nep-cmp New Economics Papers
on Computational Economics
Issue of 2015‒01‒26
nine papers chosen by
Stan Miles
Thompson Rivers University

  1. Conquering the EU market with new comprehensive trade agreements –simulating DCFTAs between the EU and neighbour countries By Rau, Marie-Luise
  2. A Macro CGE Model for the Colombian Economy By Andrés M. Velasco; Camilo A. Cárdenas Hurtado
  3. Agent-Based Modeling of Farming Behavior: A Dutch Case Study on Milk Quota Abolishment and Sustainable Dairying By Oudendag, Diti; Hoogendoorn, Mark; Jongeneel, Roel
  4. Parametric versus non-parametric simulation By Dupeux, Bérénice; Buysse, Jeroen
  5. Water policy and poverty reduction in rural area: a comparative economywide analysis for Morocco and Tunisia By Thabet, Chokri; Chebil, Ali; Frija, Aymen
  6. India’s grain security policy in the era of high food prices: a computable general equilibrium analysis By Yu, Wusheng; Bandara, Jayatilleke S.
  7. Land-use simulation as a supporting tool for flood risk assessment and coastal safety planning: The case of the Belgian coast By Frank Canters; Sven S. Vanderhaegen; Ahmed Z. Khan; Guy G. Engelen; Inge I. Uljee
  8. Assessing the Value of Broadband Connectivity for Big Data and Telematics: Technical Efficiency By Mark, Tyler; Whitacre, Brian; Griffin, Terry
  9. Corporate governance : the case the limitation of the voting rights in a listed company By Bruno-Laurent Moschetto; Frédéric Teulon

  1. By: Rau, Marie-Luise
    Abstract: The EU has undertaken considerable efforts of establishing Deep and Comprehensive Trade Agreements (DCFTAs). The EU DCFTAs go beyond tariff liberalisation, specifically targeting “behind the border” measures, commonly referred to non-tariff measures (NTMs). While offering benefits, the contents and implementation of the DCFTAs has been controversially discussed, and this paper investigates whether DCFTAs will actually help partner countries to sell their products on the EU market. For the analysis, the general equilibrium model MAGNET (Modular Applied General Equilibrium Tool) is applied in a recursive dynamic general equilibrium framework. In the simulation, DCFTAs are depicted in terms of a tariff liberalisation and the elimination of NTMs between the EU and DCFTA partners. The latter represents the regulatory orientation towards the EU, whereby the standard “ice-berg costs” approach is implemented in the simulation. The simulation results show that the DCFTA partner countries will not equally benefit from increased trade with the EU. In particular small DCFTA partners do not seem to be able to tap into the potential of the improved trading relations without the DCFTA. Other DCFTA partners however will be able to considerably increase their export to the EU, and in this sense they will conquer the EU market.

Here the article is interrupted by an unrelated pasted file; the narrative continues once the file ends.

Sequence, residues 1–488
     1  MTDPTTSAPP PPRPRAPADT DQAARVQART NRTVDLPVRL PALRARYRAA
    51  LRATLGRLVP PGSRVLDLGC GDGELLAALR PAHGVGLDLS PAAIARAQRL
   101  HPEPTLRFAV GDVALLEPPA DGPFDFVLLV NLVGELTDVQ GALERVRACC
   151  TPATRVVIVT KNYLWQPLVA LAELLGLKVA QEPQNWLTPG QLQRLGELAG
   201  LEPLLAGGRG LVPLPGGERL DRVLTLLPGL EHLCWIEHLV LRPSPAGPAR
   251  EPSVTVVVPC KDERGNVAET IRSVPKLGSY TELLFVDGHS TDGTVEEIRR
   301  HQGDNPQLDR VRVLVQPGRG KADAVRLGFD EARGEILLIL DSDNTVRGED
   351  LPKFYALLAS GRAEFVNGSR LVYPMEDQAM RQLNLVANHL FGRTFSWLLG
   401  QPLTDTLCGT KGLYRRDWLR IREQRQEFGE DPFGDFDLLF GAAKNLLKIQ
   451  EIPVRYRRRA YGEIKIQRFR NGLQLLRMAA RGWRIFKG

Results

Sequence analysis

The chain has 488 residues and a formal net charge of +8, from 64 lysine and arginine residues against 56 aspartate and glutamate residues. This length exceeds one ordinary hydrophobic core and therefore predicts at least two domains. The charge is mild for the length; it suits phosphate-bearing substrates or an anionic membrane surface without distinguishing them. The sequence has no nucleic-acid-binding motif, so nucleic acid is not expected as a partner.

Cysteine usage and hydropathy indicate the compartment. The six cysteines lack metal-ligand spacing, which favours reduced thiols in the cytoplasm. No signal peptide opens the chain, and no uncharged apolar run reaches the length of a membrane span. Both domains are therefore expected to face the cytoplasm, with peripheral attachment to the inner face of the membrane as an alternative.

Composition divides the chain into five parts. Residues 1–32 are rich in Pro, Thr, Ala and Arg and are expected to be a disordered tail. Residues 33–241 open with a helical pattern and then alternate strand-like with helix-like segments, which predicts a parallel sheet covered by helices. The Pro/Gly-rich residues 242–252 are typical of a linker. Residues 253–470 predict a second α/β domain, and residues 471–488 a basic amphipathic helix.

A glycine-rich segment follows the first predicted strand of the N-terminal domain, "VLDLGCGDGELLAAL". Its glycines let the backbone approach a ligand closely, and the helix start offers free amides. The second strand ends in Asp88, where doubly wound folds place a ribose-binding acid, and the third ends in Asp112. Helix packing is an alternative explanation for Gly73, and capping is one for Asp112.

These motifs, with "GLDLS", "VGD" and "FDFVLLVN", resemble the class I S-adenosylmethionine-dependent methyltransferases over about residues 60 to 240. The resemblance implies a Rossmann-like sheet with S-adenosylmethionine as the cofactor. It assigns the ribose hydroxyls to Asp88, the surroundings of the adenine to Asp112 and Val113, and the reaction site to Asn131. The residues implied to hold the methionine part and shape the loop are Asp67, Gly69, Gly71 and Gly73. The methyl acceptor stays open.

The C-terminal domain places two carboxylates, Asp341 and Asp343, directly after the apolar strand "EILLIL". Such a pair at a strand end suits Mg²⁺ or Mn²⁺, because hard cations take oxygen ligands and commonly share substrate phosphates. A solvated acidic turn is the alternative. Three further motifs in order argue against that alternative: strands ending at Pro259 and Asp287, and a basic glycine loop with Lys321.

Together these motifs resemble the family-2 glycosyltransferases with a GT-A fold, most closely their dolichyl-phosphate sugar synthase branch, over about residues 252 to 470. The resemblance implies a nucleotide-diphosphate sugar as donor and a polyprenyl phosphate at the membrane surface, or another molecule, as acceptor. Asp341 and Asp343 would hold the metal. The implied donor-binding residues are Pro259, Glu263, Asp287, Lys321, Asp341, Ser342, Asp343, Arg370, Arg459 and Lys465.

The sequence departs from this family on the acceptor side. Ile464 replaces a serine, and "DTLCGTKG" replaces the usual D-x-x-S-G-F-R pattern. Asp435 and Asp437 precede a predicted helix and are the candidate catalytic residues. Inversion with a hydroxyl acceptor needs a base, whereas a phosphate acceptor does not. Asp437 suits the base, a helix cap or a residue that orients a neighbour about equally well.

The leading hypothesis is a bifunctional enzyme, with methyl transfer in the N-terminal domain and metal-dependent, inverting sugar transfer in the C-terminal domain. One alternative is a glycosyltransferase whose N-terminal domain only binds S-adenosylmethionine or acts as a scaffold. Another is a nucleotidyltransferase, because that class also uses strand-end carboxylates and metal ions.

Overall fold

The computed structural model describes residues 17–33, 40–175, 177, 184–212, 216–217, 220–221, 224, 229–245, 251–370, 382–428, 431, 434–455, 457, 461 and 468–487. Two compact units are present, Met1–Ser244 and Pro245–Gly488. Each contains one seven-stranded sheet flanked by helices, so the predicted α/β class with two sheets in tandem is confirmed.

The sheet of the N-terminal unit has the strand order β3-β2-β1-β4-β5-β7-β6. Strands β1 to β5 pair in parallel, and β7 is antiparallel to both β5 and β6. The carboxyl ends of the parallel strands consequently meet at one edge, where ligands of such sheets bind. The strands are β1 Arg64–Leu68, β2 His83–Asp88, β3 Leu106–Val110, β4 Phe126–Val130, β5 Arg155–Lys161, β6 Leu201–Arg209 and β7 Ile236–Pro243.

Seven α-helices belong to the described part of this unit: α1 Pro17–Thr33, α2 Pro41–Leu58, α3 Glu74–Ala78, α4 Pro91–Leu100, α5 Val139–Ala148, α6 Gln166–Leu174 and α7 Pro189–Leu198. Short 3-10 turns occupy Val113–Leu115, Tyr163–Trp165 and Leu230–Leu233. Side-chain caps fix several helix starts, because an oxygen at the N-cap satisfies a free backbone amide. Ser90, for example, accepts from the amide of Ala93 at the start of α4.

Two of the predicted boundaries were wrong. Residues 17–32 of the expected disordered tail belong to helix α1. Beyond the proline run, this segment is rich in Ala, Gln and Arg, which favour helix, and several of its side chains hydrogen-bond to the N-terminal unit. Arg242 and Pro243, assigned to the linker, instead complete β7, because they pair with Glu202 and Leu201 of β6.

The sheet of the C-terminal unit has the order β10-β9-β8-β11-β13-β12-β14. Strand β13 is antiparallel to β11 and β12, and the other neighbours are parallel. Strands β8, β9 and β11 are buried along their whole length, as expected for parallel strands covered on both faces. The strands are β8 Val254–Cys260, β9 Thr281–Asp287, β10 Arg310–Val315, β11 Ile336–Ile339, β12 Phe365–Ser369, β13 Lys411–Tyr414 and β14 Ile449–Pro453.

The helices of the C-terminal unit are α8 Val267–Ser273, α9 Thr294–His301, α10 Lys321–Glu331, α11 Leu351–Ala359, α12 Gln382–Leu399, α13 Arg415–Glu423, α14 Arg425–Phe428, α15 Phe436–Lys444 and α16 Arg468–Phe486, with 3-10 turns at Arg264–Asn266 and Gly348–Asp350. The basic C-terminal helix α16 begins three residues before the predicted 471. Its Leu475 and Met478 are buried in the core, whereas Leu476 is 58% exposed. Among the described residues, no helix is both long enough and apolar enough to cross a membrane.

Keywords: International trade, regional trade agreements, trade liberalisation, tariff liberalisation, non-tariff measures, DCFTAs, EU, CGE, International Relations/Trade,
    Date: 2014–08
    URL: http://d.repec.org/n?u=RePEc:ags:eaae14:182655&r=cmp
  2. By: Andrés M. Velasco; Camilo A. Cárdenas Hurtado
    Abstract: This paper presents the construction of a tailor-made Macro Computable General Equilibrium Model for the Colombian economy that satisfies Banco de la República's macroeconomic programming and forecasting interests. Using information on the national accounts divulged by the National Statistics Department (DANE), we set an easily updatable Macro Social Accounting Matrix that serves as a starting point for the model parameters calibration and estimation. Classification JEL: C67, C68, D57, D58